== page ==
Introduction: Aneuploidy (the presence of extra or missing chromosomes) arises primarily through chromosome segregation errors in the oocyte at meiosis I but the details of mechanism by which such errors occur in humans are the subject of some debate. It is generally believed that aneuploidy arises primarily as a result of segregation of a whole chromosome to the same pole as its homologue (non-disjunction). Nonetheless, classical cytogenetic studies suggest that this model does not fully account for the patterns observed in human oocytes. An alternative model (precocious separation of sister chromatids) has thus been proposed, but recurring criticism of this model purports that technical issues may have led to interpretation errors.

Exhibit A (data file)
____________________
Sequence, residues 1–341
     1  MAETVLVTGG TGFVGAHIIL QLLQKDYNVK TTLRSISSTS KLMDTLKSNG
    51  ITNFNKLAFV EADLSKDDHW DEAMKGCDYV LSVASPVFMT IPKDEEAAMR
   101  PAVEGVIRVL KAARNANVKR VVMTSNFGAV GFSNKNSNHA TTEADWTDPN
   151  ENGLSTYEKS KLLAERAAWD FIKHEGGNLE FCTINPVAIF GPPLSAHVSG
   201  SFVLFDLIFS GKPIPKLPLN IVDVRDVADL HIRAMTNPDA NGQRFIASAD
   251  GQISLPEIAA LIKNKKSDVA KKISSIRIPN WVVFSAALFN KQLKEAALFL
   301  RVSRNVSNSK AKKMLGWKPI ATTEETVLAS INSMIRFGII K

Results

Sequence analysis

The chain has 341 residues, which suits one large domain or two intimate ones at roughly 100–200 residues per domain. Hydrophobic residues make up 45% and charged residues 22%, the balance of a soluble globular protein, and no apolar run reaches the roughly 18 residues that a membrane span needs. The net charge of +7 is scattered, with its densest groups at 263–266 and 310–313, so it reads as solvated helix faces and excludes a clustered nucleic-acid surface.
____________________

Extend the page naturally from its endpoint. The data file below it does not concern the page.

Materials and methods: Array comparative genomic hybridisation (aCGH) was used on 164 human first polar bodies to distinguish between whole chromosome (non-disjunction) and chromatid (precocious separation) errors.
Results: Single chromatid errors were over 11 times more common than whole chromosome errors, consistent with prior classical cytogenetic and fluorescence in situ hybridisation (FISH) studies.
Discussion: The received wisdom that non-disjunction is the primary mechanism leading to human aneuploidy should be reconsidered.